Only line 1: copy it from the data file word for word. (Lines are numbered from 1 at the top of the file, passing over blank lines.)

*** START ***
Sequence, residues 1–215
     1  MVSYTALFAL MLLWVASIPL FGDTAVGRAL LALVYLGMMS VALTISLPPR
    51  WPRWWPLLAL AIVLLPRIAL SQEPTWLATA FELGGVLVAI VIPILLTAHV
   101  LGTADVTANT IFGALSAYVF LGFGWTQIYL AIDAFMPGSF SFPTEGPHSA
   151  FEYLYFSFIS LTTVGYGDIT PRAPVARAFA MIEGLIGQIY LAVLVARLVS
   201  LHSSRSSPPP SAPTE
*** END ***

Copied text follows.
Sequence, residues 1–215